"One Sneaky Corporate Trick Will Make Your Retirement More Insecure"
The one positive thing for workers about the shift from pension plans to individually managed 401(k) retirement accounts may be going the way of the Mexican walking fish.
America Online (AOL) employees will not be able to collect any matching funds toward their retirement savings from the company for any given year if they leave before December 31 of that year, the Washington Post’s WonkBlog reported Tuesday. The change means that workers lose the flexibility and portability that the 401(k) system of accounts provides, which has long been seen as a bright spot for workers in a dim overall system.
“This is now essentially a way for some corporations to pay workers less,” Center for American Progress (CAP) retirement expert Jennifer Erickson told ThinkProgress, “and also to pay them in a way that denies them the benefits of more sensible money management and of spreading their investment out over the course of the year.”
The change also takes a significant bite out of workers’ retirement earnings. Take 2013 as an example. The stock markets had a very strong year, and having a lump sum deposited into an investment portfolio at the end of that year means losing out on all those gains over the preceding 12 months. Like a gambler putting a whole year’s worth of betting money on one horse race, the shift also means starkly higher risks for workers.
Higher risks, lower returns, and less portability make 401(k)s a nightmare for workers, and AOL isn’t the first major company to make this change. International Business Machines (IBM) did the same thing just over a year ago, prompting retirement experts to warn that the lump-sum approach would exacerbate the country’s retirement crisis if it spread to other large companies.
There is little room for error in America’s retirement system, and it’s not as though the system was serving them all that well previously. The fees financial advisers charge siphon off a third of all investment gains in the typical 401(k) account over a worker’s career. Unlike pensions, investment-based retirement savings expose workers to having their future wiped out by a market crash such as the 2008 financial crisis. There is a $6.6 trillion gap between what Americans have saved and what they need to maintain their lifestyle in retirement, prompting experts at CAP and in government to propose reforms ranging from revised 401(k) rules to the small, risk-free public “myRA” accounts President Obama created last month to a significant expansion of Social Security benefits.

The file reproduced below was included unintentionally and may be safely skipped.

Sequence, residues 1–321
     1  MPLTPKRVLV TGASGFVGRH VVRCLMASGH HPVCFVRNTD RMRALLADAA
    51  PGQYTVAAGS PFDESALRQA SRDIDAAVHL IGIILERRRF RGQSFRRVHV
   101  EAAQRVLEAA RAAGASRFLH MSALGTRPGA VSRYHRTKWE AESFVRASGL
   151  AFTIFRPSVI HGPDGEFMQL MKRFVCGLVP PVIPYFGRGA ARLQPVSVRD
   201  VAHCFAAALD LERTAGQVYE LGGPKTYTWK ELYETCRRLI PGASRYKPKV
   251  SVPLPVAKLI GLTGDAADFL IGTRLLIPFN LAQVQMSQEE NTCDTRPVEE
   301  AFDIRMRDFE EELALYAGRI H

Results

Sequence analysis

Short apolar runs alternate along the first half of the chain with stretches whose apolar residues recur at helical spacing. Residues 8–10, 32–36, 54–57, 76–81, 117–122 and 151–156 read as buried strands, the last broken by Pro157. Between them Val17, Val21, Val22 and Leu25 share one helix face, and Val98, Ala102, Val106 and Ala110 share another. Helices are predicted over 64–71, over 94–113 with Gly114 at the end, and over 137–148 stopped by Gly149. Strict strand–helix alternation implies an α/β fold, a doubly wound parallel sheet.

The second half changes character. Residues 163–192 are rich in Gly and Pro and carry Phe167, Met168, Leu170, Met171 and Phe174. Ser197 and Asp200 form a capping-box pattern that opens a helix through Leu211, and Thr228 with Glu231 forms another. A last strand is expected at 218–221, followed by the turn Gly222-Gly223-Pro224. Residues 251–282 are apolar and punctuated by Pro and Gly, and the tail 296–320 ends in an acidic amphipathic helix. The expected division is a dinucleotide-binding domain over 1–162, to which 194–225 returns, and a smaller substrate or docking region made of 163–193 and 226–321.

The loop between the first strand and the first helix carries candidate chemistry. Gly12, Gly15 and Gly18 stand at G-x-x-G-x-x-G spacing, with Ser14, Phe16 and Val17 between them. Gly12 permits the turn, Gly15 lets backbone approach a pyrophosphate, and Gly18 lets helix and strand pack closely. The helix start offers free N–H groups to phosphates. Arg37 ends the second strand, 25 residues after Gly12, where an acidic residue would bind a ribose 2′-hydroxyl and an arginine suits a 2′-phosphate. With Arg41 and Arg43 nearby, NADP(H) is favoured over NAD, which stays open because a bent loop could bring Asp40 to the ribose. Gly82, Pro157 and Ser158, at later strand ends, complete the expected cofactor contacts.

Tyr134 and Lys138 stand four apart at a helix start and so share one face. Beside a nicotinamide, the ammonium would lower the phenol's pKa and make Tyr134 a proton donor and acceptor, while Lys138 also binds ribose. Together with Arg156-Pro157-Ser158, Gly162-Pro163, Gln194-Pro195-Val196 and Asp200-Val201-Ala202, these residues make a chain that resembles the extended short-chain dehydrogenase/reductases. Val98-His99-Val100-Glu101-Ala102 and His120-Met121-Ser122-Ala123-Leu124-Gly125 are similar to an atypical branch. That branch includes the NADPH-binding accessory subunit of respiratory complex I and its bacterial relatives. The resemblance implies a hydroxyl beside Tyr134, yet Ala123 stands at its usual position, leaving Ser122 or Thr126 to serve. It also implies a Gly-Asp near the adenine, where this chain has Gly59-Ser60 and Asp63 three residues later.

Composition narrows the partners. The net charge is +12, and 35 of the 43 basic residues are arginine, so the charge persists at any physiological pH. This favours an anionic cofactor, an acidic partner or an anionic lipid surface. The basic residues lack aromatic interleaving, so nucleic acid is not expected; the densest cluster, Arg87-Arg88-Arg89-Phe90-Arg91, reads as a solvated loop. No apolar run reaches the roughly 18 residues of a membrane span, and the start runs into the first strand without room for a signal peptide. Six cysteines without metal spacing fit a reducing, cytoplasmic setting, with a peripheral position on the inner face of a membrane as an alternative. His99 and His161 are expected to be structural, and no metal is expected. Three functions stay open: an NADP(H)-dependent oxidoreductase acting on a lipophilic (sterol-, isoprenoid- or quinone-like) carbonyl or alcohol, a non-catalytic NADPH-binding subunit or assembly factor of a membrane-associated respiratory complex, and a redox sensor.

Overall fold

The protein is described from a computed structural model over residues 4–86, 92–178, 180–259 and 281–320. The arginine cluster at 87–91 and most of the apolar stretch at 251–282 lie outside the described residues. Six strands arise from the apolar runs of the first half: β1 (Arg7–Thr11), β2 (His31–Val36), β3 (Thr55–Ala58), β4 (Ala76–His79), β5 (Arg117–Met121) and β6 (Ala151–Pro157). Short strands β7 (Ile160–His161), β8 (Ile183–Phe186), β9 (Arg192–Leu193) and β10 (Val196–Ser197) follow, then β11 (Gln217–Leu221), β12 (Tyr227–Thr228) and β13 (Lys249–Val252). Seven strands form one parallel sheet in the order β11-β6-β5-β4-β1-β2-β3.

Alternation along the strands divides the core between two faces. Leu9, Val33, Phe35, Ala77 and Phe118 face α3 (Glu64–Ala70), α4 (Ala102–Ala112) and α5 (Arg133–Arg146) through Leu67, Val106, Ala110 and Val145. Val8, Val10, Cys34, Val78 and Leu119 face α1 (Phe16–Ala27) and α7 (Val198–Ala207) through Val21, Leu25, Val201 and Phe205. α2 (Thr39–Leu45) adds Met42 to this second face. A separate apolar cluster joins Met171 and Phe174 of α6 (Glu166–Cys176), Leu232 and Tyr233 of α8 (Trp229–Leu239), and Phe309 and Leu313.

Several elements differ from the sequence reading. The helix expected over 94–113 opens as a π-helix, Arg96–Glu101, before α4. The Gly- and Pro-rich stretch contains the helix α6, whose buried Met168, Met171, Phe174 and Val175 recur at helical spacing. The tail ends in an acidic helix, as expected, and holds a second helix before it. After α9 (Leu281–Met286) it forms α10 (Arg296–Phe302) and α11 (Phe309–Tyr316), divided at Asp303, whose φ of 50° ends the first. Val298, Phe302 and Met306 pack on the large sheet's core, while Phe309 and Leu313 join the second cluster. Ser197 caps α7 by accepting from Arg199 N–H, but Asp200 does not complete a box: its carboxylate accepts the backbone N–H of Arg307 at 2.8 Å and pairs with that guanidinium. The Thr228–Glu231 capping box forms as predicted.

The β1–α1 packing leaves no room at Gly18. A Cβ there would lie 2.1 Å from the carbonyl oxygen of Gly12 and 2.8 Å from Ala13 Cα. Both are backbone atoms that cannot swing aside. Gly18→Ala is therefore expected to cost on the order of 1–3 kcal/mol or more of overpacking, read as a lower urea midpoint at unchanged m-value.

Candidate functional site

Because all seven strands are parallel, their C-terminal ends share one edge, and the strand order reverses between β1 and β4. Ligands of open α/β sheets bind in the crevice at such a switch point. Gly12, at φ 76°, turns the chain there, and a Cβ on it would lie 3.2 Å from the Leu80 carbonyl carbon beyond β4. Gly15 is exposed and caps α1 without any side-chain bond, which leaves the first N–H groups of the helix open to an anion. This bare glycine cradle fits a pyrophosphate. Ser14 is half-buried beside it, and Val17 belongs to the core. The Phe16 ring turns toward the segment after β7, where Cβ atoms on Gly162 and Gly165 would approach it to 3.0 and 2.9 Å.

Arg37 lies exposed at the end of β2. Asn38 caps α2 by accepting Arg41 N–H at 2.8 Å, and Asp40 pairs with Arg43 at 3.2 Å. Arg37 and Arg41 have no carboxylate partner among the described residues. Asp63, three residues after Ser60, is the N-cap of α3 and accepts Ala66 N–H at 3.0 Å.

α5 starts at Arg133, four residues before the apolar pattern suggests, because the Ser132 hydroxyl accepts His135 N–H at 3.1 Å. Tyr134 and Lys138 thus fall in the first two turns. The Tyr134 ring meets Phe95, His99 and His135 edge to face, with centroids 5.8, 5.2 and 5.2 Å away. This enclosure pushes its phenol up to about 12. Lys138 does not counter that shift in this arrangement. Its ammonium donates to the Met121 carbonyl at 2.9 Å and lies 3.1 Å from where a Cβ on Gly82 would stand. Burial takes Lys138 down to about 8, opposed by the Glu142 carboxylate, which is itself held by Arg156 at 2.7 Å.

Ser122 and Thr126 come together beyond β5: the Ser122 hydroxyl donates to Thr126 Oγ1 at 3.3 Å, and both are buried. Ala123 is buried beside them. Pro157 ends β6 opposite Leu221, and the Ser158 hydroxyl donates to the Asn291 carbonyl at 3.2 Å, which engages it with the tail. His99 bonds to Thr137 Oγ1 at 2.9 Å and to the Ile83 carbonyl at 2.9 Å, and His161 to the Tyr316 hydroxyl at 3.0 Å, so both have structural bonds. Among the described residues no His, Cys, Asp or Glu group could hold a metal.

Teresa Ghilarducci, an economist at the New School and a long-time critic of 401(k)s as a primary retirement security means, agreed with Erickson’s assessment but struck a slightly hopeful tone: the bad news for workers brings the demise of the 401(k) system a little bit closer.
“This move exposed the fatal weakness of the program and paves the way for all of us to think about a better system,” Ghilarducci said in an interview. “The system enables employers to allow workers to contribute to a plan, but it in no way obligates them to make a match,” she said, adding that she is “shocked” at how commonly experts and workers alike make the mistake of thinking a 401(k) means a company matches employee savings. “It was a social rule and custom for many to make a match,” she said, “but it looks like social norms and customs are changing.” If even workers who are lucky enough to receive matching funds from an employer like AOL or IBM are having the value of that voluntary employer contribution undermined, then the myths about the 401(k) system are harder for financial advisers to maintain.
“You know when you meet somebody on a first date and you really think that they’re the one?” Ghilarducci joked. “People have been on dates with the 401(k) system for decades, and as we get to know this system we realize that it’s always been voluntary.”